Money, banking and finance – which had been largely discarded by the economics profession as interesting areas of research – came back into vogue. Once again, the links between money, finance and the real economy have emerged as key links to kick-start recessionary economies back into life.
There are essentially two phases of this type of monetary operation. First of all, there is the necessity for central banks to provide new liquidity to the banking system. The Federal Reserve, and more recently the European Central Bank, have both engaged in this type of operation to provide massive liquidity to shore up the banking system.
This liquidity has provided considerable stability to the system by restoring confidence to depositors, and thereby reducing the risks of bank runs and capital flight.
The second phase of this operation is to enable the banks, replenished with new liquidity, to expand credit to entrepreneurs so as to re-animate economic activity. Such is the theory; the reality appears to be different as the banks have become reserve hoarders rather than credit creators.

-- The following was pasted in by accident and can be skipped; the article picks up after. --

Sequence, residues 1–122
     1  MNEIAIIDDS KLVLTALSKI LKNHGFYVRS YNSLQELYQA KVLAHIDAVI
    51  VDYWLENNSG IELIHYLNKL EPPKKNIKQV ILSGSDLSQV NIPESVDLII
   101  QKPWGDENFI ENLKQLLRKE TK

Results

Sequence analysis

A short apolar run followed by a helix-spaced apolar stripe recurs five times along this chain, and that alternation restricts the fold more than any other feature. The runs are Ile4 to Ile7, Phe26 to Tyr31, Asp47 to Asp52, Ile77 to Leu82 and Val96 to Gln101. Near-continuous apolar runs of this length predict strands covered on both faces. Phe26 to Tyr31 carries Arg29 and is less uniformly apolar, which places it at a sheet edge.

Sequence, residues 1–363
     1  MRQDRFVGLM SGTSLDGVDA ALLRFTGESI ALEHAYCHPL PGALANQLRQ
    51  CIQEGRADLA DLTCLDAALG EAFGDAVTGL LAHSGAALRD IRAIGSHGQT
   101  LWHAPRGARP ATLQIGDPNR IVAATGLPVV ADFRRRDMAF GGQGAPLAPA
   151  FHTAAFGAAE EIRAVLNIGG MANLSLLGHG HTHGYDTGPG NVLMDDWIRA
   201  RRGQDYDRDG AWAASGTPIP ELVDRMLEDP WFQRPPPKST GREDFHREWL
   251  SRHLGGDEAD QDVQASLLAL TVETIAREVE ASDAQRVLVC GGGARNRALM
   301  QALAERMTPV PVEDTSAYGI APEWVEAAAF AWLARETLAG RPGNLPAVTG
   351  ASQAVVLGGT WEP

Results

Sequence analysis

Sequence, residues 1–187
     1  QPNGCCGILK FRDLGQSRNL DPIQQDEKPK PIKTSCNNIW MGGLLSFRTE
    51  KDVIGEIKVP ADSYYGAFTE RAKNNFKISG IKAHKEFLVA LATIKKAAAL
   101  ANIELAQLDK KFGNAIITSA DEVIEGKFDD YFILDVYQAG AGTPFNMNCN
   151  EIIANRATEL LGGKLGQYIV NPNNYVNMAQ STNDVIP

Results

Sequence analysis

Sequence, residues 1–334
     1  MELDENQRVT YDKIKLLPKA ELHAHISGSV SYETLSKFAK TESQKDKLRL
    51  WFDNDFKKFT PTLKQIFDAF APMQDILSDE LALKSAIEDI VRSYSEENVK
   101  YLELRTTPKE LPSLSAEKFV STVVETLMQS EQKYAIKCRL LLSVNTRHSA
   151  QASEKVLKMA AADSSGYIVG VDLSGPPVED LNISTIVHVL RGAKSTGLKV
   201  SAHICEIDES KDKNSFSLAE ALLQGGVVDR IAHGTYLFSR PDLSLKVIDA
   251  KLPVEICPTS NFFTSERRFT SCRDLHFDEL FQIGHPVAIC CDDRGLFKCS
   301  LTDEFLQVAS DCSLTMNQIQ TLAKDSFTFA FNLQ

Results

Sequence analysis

There appears to be a type of financial indigestion emerging at the very heart of the banking system, with high-powered money provided by central banks buttressing up the reserves of the banks but not acting as the catalyst for the further expansion of credit.
Faced with over-leveraged balance sheets, concerns about their own capital adequacy, a desire not to make the same mistakes as in the past, and substantial new regulatory controls, the banks have become excessively prudent.
For an earlier re-run of this type of banking behaviour, it is pertinent to examine the history of the Japanese economy since the property market crash of the 1990s.
The Bank of Japan provided considerable liquidity to its banking system that had been badly affected by the property market crash there. However, this liquidity was hoarded by the banks rather than lent into the real economy.
One school of economic thought maintains there is no problem here, because of its belief that the banking system automatically provides the credit that the real economy requires. This line of reasoning implies that bankers are just passive providers of credit, acquiescing quickly to the demands of the productive and services sectors for new credit.